The 1990s in Review: Best Performances
Commentary by James Berardinelli
A good performance does not necessarily make a good movie, and a great performance does not necessarily make a great movie. As a result, it's easy to overlook majestic acting in any end-of-the-decade overview because that work did not occur in one of the Top 10 (or 20) films. Without giving much away, I can say that most (although not all) of the performances discussed below occurred in movies that will not be listed on my "Top 10 of the 1990s" roster. These performances all took place in good films, but, in many cases, other aspects of the production were not up to the level of the actor or actress' efforts. For simplicity's sake, I have not attempted to break things up into the Oscar categories of Best Actor, Best Actress, Best Supporting Actor, and Best Supporting Actress.
Additionally, it should be noted that this is a list of Best Performances, not of Best Performers. My purpose here is not to rank actors. Admittedly, there is some synergy between the performance and the performer, but it's not a one-to-one correspondence. The list is intended to highlight a single instance, not a body of work. (Otherwise, one might legitimately complain about the exclusions of such top-notch actors as Kevin Spacey and Susan Sarandon.)
As usual, the list is presented in reverse order.
An * indicates an Oscar nomination for this actor in this part. A ** indicates a nomination and a win.
#9. Romane Bohringer, Savage Nights (1992): Few people have seen this performance (or the movie), and it's a shame, because it's forceful and stirring. Bohringer has done other films, but her work has never reached the level it did in this, her debut feature. The actress won a French Cesar as Best Actress for this role, in which she plays a girl whose twisted psyche causes her to risk her life by having unprotected sex with a man she knows has AIDS. Bohringer brings to the screen a stunning portrait of a self-destructive young woman who courts both love and death.
#8. Gong Li, Raise the Red Lantern (1991): Inarguably the best-known Chinese actress, Gong Li has starred in a number of powerful films (most by director Zhang Yimou), but this is her most wrenching performance. Gong shines as Songlian, a woman who struggles to be cold and calculating until a tragedy destroys her composure and her sanity. The actress' seemingly effortless work in this role makes it easy to sympathize with Songlian; she is the face of humanity and our guide through a strange, ritual-saturated world.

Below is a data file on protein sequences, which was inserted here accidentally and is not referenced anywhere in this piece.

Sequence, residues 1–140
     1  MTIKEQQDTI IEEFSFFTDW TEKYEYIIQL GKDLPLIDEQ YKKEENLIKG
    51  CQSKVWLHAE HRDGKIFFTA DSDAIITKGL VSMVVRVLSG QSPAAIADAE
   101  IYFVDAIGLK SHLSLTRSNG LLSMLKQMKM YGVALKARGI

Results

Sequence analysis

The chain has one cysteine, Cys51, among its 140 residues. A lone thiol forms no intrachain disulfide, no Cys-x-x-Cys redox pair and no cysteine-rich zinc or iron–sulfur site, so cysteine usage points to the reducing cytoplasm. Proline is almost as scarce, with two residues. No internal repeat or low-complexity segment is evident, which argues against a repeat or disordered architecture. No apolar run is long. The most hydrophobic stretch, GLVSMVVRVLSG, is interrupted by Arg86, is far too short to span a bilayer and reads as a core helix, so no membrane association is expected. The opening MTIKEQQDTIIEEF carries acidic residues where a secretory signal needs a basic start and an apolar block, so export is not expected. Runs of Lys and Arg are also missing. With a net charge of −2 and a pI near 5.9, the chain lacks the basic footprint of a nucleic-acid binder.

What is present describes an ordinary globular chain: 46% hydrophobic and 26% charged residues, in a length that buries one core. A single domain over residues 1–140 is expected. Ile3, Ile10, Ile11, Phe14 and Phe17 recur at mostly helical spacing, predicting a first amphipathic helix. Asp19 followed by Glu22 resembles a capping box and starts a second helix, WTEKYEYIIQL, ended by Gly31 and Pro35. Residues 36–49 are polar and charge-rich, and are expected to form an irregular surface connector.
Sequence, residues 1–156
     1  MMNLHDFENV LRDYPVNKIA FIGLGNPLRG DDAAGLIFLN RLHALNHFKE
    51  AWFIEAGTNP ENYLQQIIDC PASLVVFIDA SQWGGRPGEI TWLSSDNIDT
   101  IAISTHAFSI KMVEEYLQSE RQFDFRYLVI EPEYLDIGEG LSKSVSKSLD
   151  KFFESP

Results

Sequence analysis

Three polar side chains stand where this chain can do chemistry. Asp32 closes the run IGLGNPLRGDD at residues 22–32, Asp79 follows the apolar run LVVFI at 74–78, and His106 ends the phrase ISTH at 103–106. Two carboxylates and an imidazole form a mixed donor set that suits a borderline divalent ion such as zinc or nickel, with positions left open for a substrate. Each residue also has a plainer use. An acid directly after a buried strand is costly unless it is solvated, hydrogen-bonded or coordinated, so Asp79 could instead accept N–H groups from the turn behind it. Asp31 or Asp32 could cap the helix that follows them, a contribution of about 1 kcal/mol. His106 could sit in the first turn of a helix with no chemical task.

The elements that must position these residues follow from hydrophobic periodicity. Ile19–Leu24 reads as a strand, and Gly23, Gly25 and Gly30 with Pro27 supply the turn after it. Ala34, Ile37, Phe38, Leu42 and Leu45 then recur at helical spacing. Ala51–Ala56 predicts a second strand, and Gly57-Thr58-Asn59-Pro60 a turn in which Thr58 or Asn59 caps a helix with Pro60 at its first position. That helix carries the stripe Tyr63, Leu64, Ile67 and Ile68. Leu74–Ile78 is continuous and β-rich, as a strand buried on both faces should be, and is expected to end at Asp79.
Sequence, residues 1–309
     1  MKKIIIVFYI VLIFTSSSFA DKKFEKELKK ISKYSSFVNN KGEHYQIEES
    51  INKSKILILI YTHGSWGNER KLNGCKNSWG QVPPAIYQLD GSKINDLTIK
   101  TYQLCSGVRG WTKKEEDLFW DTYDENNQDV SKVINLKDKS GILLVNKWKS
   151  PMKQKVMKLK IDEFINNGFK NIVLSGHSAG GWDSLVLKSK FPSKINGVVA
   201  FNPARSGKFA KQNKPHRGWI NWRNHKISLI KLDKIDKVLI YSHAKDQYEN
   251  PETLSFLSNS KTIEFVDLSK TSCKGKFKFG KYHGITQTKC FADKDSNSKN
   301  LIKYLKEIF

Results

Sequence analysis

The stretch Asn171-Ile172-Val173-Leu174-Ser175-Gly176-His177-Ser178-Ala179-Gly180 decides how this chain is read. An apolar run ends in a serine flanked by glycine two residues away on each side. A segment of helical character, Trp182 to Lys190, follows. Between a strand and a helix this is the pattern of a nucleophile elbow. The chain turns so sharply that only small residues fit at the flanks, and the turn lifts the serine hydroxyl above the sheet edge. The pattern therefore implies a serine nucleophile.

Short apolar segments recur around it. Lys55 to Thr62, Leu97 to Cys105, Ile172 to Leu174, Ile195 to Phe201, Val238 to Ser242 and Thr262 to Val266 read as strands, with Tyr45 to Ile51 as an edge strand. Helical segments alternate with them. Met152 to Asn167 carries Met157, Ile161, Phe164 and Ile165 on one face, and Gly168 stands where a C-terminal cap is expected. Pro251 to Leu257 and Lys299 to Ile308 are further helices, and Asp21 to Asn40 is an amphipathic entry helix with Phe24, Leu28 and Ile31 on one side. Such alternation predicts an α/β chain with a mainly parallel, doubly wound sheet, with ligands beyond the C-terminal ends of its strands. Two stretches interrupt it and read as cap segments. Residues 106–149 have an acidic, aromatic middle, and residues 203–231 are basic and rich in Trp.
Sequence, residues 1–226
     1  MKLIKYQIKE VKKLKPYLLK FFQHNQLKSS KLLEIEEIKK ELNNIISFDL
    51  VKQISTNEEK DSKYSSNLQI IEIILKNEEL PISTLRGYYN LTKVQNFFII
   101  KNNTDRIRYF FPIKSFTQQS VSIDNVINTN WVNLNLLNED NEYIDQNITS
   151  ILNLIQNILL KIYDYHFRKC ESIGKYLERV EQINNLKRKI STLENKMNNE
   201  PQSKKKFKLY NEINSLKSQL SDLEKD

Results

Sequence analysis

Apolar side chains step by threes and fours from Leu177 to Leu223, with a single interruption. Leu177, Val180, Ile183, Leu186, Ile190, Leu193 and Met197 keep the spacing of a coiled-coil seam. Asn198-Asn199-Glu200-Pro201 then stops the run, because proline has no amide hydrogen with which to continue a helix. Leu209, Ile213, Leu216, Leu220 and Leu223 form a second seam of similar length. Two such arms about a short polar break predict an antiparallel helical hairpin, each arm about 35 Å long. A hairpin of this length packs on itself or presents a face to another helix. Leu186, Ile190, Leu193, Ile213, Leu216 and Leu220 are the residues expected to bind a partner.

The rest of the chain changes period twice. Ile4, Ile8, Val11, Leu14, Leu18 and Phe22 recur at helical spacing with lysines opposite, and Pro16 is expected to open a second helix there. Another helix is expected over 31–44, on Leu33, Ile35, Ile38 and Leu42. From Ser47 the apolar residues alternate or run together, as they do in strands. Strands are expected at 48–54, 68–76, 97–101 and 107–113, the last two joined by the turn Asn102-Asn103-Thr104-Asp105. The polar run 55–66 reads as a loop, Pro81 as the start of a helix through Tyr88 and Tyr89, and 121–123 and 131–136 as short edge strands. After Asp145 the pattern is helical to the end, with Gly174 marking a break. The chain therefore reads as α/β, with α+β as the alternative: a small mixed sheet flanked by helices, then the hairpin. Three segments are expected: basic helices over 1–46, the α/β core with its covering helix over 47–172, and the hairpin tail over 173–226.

#7. Ralph Fiennes*, Schindler's List (1993): In the last few years, Ralph Fiennes has become known for strong, heroic roles; in fact, many women regard him as a sex symbol. But Fiennes first entered the spotlight with his haunting portrayal of Amon Goeth, the conflicted Gestapo officer who is befriended by Oskar Schindler. Fiennes stuns with his intricate, savage portrayal of the Nazi commander, a man fascinated by power and murder. Goeth has the rare ability to both mesmerize and repulse, and this performance will long be remembered. The character could easily have become a conscienceless monster, but Fiennes' performance shows unexpected depth and complexity to this character
#6. Denzel Washington*, Malcolm X(1992): If there was ever a doubt about Denzel Washington's versatility, he shattered it by transforming himself into the title character of Spike Lee's controversial Malcolm X. Taking on the part of an historical figure - especially a well-known one - is no easy task. But, like George C. Scott as Patton, Washington doesn't just wear the character's clothing, he wears his skin. There's not a moment in this three-hour epic when we aren't completely convinced by this performance. We're watching Malcolm X, not Denzel Washington.